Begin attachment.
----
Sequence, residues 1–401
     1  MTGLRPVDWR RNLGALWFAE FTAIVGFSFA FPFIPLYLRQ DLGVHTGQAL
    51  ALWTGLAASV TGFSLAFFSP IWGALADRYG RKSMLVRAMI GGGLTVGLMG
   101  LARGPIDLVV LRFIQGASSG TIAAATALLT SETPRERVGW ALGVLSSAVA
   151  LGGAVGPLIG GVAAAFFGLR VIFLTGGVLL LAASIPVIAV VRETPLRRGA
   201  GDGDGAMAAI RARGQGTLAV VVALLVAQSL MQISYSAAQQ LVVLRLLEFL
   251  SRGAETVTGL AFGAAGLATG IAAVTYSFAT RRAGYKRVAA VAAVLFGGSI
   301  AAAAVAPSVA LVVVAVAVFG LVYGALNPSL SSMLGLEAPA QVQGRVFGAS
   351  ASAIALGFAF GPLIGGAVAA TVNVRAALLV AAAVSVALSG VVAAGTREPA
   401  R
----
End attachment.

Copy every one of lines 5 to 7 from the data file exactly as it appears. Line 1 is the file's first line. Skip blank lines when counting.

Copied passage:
   151  LGGAVGPLIG GVAAAFFGLR VIFLTGGVLL LAASIPVIAV VRETPLRRGA
   201  GDGDGAMAAI RARGQGTLAV VVALLVAQSL MQISYSAAQQ LVVLRLLEFL
   251  SRGAETVTGL AFGAAGLATG IAAVTYSFAT RRAGYKRVAA VAAVLFGGSI